history, and come to that of the Hare. It impressed me a good deal at the time,which is not long ago, so much indeed that I communicated the facts toJorsen. He ordered me to publish them, and what Jorsen orders must bedone. I don't know why this should be, but it is so. He has authority of a sortthat I am unable to define.One night after the usual aspirations and concentration of mind, which bythe way are not always successful, I passed into what occultists call spirit,and others a state of dream. At any rate I found myself upon the borders of theGreat White Road, as near to the mighty Gates as I am ever allowed to come.How far that may be away I cannot tell. Perhaps it is but a few yards andperhaps it is the width of this great world, for in that place which my spirit visitstime and distance do not exist. There all things are new and strange, not to bereckoned by our measures. There the sight is not our sight nor the hearing ourhearing. I repeat that all things are different, but that difference I cannotdescribe, and if I could it would prove past comprehension.There I sat by the borders of the Great White Road, my eyes fixed upon theGates above which the towers mount for miles on miles, outlined against anencircling gloom with the radiance of the world beyond the worlds. Four-square they stand, those towers, and fourfold the gates that open to thedenizens of other earths. But of these I have no knowledge beyond the factthat it is so in my visions.I sat upon the borders of the Road, my eyes fixed in hope upon the Gates,though well I knew that the hope would never be fulfilled, and watched thedead go by.They were many that night. Some plague was working in the East andunchaining thousands. The folk that it loosed were strange to me who in thisparticular life have seldom left England, and I studied them with curiosity;high-featured, dark-hued people with a patient air. The knowledge which Ihave told me that one and all they were very ancient souls who often andoften had walked this Road before, and therefore, although as yet they did notknow it, were well accustomed to the journey. No, I am wrong, for here andthere an individual did know. Indeed one deep-eyed, wistful little woman, whocarried a baby in her arms, stopped for a moment and spoke to me."The others cannot see you as I do," she said. "Priest of the Queen ofqueens, I know you well; hand in hand we climbed by the seven stairways tothe altars of the moon.""Who is the Queen of queens?" I asked."Have you forgotten her of the hundred names whose veils we lifted one byone; her whose breast was beauty and whose eyes were truth? In a day tocome you will remember. Farewell till we walk this Road no more.""Stay—when did we meet?""When our souls were young," she answered, and faded from my ken like ashadow from the sea.After the Easterns came many others from all parts of the earth. Thensuddenly appeared a company of about six hundred folk of every age andEnglish in their looks. They were not so calm as are the majority of those whomake this journey. When I read the papers a few days later I understood why.A great passenger ship had sunk suddenly in mid ocean and they were all cutoff unprepared.
When, followed by a few stragglers, these had passed and gatheredthemselves in the red shadow beneath the gateway towers waiting for thesummons, an unusual thing occurred. For a few moments the Road was leftquite empty. After that last great stroke Death seemed to be resting on hislaurels. When thus unpeopled it looked a very vast place like to a hugearched causeway, bordered on either side by blackness, but itself gleamingwith a curious phosphorescence such as once or twice I have seen in thewaters of a summer sea at night.Presently in the very centre of this illuminated desolation, whilst it was asyet far away, something caught my eye, something so strange to the place, soutterly unfamiliar that I watched it earnestly, wondering what it might be.Nearer and nearer it came, with curious, uncertain hops; yes, a little brownobject that hopped."Well," I said to myself, "if I were not where I am I should say that yonderthing was a hare. Only what would a hare be doing on the Great White Road?How could a hare tread the pathway of eternal souls? I must be mistaken."So I reflected whilst still the thing hopped on, until I became certain thateither I suffered from delusions, or that it was a hare; indeed a particularly finehare, much such a one as a friend of my old landlady, Mrs. Smithers, hadonce sent her as a Christmas present from Norfolk, which hare I ate.A few more hops brought it opposite to my post of observation. Here ithalted as though it seemed to see me. At any rate it sat up in the alert fashionthat hares have, its forepaws hanging absurdly in front of it, with one ear, onwhich there was a grey blotch, cocked and one dragging, and sniffed with itsfunny little nostrils. Then it began to talk to me. I do not mean that it reallytalked, but the thoughts which were in its mind were flashed on to my mind sothat I understood perfectly, yes, and could answer them in the same fashion. Itsaid, or thought, thus:—"You are real. You are a man who yet lives beneath the sun, though howyou came here I do not know. I hate men, all hares do, for men are cruel tothem. Still it is a comfort in this strange place to see something one has seenbefore and to be able to talk even to a man, which I could never do until thechange came, the dreadful change—I mean because of the way of it," and itseemed to shiver. "May I ask you some questions?""Certainly," I said or rather thought back."You are sure that they won't make you angry so that you hurt me?""I can't hurt you, even if I wished to do so. You are not a hare any longer, ifyou ever were one, but only the shadow of a hare.""Ah! I thought as much, and that's a good thing anyhow. Tell me, Man, haveyou ever been torn to pieces by dogs?""Good gracious! no.""Or coursed, or hunted, or caught in a trap, or shot all over your back, ortwisted up in nets and choked in snares? Or have you swum out to sea to diemore easily, or seen your mate and mother and father killed?""No, no. Please stop, Hare; your questions are very unpleasant.""Not half so unpleasant as the things are themselves, I can assure you,Man. I will tell you my story if you like; then you can judge for yourself. Butfirst, if you will, do you tell me why I am here. Have you seen more hares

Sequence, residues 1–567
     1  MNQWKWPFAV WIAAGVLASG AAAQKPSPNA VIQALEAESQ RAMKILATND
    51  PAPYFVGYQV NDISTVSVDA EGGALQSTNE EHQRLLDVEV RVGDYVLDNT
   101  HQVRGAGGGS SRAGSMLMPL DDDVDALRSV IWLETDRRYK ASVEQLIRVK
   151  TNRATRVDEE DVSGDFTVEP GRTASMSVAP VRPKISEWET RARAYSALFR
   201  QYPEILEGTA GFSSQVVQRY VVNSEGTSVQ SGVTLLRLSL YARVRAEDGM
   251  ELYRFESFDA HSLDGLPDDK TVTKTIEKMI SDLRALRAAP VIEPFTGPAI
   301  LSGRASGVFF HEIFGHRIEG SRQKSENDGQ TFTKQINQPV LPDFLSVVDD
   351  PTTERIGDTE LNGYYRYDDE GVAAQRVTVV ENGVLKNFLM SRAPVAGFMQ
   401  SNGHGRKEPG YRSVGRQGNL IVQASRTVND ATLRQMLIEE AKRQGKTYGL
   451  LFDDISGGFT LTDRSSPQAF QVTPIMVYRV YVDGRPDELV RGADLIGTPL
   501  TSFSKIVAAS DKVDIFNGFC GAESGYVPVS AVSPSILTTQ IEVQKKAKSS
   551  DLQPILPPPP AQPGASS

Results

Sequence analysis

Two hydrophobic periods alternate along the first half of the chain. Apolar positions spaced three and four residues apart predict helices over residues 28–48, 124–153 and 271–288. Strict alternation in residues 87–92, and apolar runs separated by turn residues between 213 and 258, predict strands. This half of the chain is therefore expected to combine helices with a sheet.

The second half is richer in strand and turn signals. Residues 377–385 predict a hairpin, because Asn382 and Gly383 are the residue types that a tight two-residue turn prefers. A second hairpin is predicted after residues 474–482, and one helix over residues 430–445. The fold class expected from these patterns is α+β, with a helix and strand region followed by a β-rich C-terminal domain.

about this place?""Never, nor any other animals. No, I am wrong, once I saw a dog."The Hare looked about it anxiously."A dog. How horrible! What was it doing? Hunting? If there are no hareshere what could it be hunting? A rabbit, or a pheasant with a broken wing, orperhaps a fox? I should not mind so much if it were a fox. I hate foxes; theycatch young hares when they are asleep and eat them.""None of these things. I was told that it belonged to a little girl who died.That broke its heart, so that it died also when they shut her up in a box.Therefore it was allowed to accompany her here because it had loved somuch. Indeed I saw them together, both very happy, and together they wentthrough those gates.""If dogs love little girls why don't they love hares, at least as anything likesto be loved, for the dog didn't want to eat the little girl, did it? I see you can'tanswer me. Now would you like me to tell you my story? Something inside ofme is saying that I am to do so if you will listen; also that there is plenty oftime, for I am not wanted at present, and when I am I can run to those gatesmuch quicker than you could.""I should like it very much, Hare. Once a prophet heard an ass speak inorder to warn him. But since then, except very, very rarely in dreams, nocreature has talked to a man, so far as I know. Perhaps you wish to warn meabout something, or others through me, as the ass warned Balaam.""Who is Balaam? I never heard of Balaam. He wasn't the man who fetchesdead pheasants in the donkey-cart, was he? If so, I've seen him make the asstalk—with a thick stick. No? Well, never mind, I daresay I should notunderstand about him if you told me. Now for my story."Then the Hare sat itself down, planting its forepaws firmly in front of it, asthese animals do when they are on the watch, looked up at me and began topour the contents of its mind into mine.I was born, it said, or rather told me by thought transference, in a field ofgrowing corn near to a big wood. At least I suppose I was born there, thoughthe first thing I remember is playing about in the wheat with two other littleones of my own size, a brother and a sister that were born with me. It was atnight, for a great, round, shining thing which I now know was the moon, hungin the sky above us. We gambolled together and were very happy, tillpresently my mother came—I remember how big she looked—and cuffed mewith her paw because I had led the others away from the place where shehad told us to stop, and given her a great hunt to find us. That is the first thing Iremember about my mother. Afterwards she seemed sorry because she hadhurt me, and nursed us all three, letting me have the most milk. My motheralways loved me the best of us, because I was such a fine leveret, with apretty grey patch on my left ear. Just as I had finished drinking another harecame who was my father. He was very large, with a glossy coat and bigshining eyes that always seemed to see everything, even when it was behind.mihHe was frightened about something, and hustled my mother and us littleones out of the wheat-field into the big wood by which it is bordered. As weleft the field I saw two tall creatures that afterwards I came to know were men.They were placing wire-netting round the field—you see I understand now